With the content refinement activities making good progress, it was also time to kick off a number of tasks related to evaluation and performance analysis which will later on provide objective results on the quality and usefulness of the enriched material. Being a Best Practice Network project, Evaluation and Quality Assessment constitutes an important aspect within the scope of Europeana Newspapers. Stefan Pletschacher from the University of Salford presented a number of tools and systems which in part build on resources created in the very successful EU-funded project IMPACT (Improving Access to Text) and which are currently being developed further in order to accommodate the specific requirements on digitised newspapers. A web-based image and ground truth repository was introduced and will serve as the central point of reference in the future. Ground truth, in this context, is considered the perfect result which recognition and/or refinement methods should ideally produce. With regard to OCR, for instance, this would be the 100% correct text as it is found on the scanned page. Related to this, all library partners were asked to commence a selection process in order to create a truly representative evaluation dataset. Besides tools and datasets, there was a third major topic at the heart of the discussions: Use Scenarios. Knowledge on how the enriched material is going to be used and presented to end users plays an important role when evaluating the success of automated and/or semi-automated text recognition systems. In order to gather the views of different stakeholders, a questionnaire on what use scenarios and corresponding technical features are considered important was prepared and is currently being circulated for feedback. It is envisaged to continuously follow any new developments in this direction during the course of the project and also to include the views of institutions outside the consortium in future.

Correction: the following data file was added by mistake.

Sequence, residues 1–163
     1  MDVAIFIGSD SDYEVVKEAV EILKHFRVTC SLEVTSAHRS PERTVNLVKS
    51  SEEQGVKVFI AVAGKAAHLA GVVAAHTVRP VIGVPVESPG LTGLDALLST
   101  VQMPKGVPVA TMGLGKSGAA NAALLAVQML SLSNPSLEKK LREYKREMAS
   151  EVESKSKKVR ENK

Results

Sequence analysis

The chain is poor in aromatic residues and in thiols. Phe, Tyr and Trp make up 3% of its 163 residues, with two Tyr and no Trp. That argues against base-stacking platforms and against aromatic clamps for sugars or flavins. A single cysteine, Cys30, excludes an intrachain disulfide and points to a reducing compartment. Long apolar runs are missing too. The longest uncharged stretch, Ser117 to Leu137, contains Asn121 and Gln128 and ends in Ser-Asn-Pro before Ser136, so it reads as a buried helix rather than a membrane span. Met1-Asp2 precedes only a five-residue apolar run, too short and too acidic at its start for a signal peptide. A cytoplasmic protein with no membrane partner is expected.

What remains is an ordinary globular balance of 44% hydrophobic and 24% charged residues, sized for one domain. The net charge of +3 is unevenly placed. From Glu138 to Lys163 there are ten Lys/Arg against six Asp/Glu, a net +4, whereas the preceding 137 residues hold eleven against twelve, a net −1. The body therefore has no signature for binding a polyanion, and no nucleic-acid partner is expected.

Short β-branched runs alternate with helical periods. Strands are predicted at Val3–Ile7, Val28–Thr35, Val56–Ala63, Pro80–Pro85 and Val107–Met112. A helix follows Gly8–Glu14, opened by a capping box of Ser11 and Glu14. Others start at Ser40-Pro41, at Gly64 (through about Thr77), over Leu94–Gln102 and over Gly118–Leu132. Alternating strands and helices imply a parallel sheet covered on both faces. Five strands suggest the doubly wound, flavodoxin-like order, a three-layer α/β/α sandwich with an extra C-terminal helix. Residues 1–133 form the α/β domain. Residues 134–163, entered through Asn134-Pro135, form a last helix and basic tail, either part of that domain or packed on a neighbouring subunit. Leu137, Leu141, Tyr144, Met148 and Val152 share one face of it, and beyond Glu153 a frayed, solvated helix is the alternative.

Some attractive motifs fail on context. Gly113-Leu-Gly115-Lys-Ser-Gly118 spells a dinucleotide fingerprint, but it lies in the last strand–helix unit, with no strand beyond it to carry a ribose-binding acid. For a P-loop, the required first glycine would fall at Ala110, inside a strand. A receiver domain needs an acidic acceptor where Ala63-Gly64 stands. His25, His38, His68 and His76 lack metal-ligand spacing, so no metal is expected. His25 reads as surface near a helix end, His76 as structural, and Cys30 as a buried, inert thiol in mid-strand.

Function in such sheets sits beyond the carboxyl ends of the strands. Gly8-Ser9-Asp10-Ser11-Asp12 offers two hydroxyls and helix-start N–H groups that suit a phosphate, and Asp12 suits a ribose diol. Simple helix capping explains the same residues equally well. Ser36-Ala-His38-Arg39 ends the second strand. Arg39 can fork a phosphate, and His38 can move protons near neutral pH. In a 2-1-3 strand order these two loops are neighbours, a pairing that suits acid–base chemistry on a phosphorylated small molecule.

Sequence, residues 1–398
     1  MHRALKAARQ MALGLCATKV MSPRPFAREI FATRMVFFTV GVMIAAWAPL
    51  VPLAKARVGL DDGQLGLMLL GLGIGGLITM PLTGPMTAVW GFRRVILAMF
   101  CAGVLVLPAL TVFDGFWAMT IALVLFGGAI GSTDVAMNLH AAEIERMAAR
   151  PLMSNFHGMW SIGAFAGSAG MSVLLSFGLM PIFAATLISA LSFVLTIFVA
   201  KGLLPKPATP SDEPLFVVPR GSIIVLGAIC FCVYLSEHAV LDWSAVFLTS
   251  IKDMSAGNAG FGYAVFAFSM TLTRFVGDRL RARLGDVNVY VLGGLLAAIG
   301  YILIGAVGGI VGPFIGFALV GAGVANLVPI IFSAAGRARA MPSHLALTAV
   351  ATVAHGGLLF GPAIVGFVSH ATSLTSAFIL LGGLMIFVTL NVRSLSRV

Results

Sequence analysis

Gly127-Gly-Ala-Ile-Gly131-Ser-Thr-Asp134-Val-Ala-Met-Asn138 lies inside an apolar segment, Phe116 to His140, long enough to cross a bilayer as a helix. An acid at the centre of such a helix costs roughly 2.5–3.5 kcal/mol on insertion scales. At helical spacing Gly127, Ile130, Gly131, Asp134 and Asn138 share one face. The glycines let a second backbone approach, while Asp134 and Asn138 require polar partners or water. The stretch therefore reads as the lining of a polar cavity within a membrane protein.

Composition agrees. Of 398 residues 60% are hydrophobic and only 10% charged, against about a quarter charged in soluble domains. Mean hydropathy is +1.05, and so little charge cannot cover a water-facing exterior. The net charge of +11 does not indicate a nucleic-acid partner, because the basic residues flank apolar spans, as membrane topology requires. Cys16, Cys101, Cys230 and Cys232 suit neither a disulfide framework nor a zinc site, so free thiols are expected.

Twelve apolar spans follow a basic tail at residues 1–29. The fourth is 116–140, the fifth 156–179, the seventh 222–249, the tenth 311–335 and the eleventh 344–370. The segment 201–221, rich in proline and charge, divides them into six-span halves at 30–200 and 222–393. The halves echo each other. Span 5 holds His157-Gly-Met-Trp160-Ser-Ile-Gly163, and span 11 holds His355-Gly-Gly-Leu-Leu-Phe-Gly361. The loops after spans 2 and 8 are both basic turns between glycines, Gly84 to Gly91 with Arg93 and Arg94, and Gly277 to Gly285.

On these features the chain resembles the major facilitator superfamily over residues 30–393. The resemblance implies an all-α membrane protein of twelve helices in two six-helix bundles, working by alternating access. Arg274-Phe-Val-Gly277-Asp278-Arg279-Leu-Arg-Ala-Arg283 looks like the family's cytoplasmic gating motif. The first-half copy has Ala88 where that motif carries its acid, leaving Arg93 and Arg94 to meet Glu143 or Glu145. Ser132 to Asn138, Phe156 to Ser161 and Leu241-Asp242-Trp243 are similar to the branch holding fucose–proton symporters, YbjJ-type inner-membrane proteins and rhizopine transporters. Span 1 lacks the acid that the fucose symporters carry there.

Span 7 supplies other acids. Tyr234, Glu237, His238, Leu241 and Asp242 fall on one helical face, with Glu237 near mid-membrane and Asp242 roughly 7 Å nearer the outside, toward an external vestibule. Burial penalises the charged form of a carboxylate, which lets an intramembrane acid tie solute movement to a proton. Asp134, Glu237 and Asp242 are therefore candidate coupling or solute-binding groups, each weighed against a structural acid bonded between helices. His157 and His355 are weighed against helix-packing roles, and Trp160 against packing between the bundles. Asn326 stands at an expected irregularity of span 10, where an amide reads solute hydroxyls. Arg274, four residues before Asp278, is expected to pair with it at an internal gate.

The Europeana Newspapers project will build upon some of the successful evaluation tools implemented in the IMPACT project and develop them further into an evaluation and quality assessment infrastructure. Other IMPACT tools used by the Europeana Newspapers project are the Named Entity Recognition tools, ABBYY’s Fine Reader OCR that is capable of recognising historical fonts and layout, and the Functional Extension Parser (FEP) from the UIBK, which can be used to automatically detect and tag the structural metadata of the scanned newspaper pages. In the meeting actions were taken to start with the quality assessment of the use scenarios through a survey to all content providers. Furthermore all content providers will provide the University of Salford with images and metadata for the evaluation of the datasets.
From a digitised newspaper in a local libraries’ repository to an apparition in the users’ search is a long and complex chain of processes. The technical meeting certainly provided the partners with a forum to explain the different elements of this process, discuss the best practices and take decisions as a consortium.
Once the production process will be up and running it is foreseen to also involve libraries from all over Europe which may be interested in the refinement of their already digitised newspapers as well as in a standardised aggregation process towards Europeana.